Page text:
After a huge weekend at the US box office it was Disney who won the heavyweight clash, as Big Hero 6 showed Interstellar that it takes more than just a fancy wormhole to get to number one.
It was not all doom and gloom for Paramount, however, as Christopher Nolan‘s space odyssey performed better worldwide.
But whether they like it or not, it’s America that’s the movie industry’s flagship market and many expected Interstellar to come out on top here as well. It just goes to show that an inflatable robot can work wonders – 56.2 million of them to be precise.
All told, that’s how many dollars Big Hero 6 scooped stateside, with Interstellar a few light years away on $50 million. Gone Girl was behind them in third place, with Ouija coming fourth.
Apparently, this is only the fourth time in American box office history that two films have opened in the same weekend with $50 million or more (answers on a postcard if you happen to know the other three pairings, or feel free to comment below!). Rentrak’s Paul Dergarabedian said: “By opening a diversity of product against each other, the industry can expand the marketplace.” The respected media analyst also described this Hollywood head-to-head as “a perfect example of counterprogramming.”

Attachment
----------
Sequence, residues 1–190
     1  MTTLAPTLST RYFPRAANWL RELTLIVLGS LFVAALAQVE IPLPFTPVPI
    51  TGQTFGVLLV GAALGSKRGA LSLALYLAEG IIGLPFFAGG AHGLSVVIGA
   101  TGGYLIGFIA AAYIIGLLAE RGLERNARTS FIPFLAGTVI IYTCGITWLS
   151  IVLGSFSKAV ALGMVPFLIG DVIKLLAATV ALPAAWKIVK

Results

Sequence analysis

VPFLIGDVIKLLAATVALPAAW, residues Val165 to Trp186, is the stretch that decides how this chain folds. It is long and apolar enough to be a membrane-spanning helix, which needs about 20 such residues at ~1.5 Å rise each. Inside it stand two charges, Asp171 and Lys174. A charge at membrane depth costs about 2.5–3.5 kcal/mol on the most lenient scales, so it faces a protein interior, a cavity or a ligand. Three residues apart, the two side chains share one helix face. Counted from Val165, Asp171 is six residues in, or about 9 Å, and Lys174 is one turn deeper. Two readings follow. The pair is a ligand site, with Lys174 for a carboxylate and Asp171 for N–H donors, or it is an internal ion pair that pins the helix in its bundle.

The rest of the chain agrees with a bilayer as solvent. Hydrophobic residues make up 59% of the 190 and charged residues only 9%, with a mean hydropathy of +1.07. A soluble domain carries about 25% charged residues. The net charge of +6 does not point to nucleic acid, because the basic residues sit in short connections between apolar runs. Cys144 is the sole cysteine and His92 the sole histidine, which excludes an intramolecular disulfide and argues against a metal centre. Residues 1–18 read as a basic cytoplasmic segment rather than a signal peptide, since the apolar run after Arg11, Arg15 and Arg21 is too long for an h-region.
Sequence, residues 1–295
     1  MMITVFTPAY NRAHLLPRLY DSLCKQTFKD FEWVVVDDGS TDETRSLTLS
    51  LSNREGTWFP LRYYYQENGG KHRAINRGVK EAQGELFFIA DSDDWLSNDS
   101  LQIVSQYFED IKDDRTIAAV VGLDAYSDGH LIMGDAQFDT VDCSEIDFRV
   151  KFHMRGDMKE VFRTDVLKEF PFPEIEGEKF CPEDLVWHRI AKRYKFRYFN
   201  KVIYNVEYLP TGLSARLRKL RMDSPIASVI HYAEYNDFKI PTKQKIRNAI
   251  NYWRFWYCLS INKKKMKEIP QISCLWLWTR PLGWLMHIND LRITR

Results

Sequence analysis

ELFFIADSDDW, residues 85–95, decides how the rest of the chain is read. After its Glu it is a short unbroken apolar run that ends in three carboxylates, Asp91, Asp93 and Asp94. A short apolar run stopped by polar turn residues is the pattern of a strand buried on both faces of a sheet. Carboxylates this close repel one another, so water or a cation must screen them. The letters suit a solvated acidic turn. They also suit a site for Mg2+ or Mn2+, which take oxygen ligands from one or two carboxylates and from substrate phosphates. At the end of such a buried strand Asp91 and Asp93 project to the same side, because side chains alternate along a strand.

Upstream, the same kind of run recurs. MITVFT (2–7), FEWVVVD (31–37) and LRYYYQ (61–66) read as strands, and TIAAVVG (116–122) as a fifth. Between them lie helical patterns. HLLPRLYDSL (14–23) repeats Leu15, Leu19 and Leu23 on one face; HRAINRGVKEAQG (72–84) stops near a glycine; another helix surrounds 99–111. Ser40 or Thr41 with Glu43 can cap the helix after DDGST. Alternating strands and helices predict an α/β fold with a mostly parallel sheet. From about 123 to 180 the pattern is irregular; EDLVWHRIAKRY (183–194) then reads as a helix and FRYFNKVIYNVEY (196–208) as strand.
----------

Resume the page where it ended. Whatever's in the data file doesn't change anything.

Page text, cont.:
Whatever that means. So are Paramount sore losers from all of this? Possibly. Their head of domestic marketing and distribution, Megan Colligan, is in no doubt as to why Interstellar didn’t hit the heights of Inception, Nolan’s previous effort, or Paramount’s recent sci-fi flick Gravity: “The difference is Interstellar isn’t in 3D, and certainly the running time on our film does change the play pattern in that you lose an evening show.” It’s any excuse these days.
Interstellar could well win the war, but last weekend’s particular battle showed that family fun of the type Big Hero 6 provides is always a safe bet.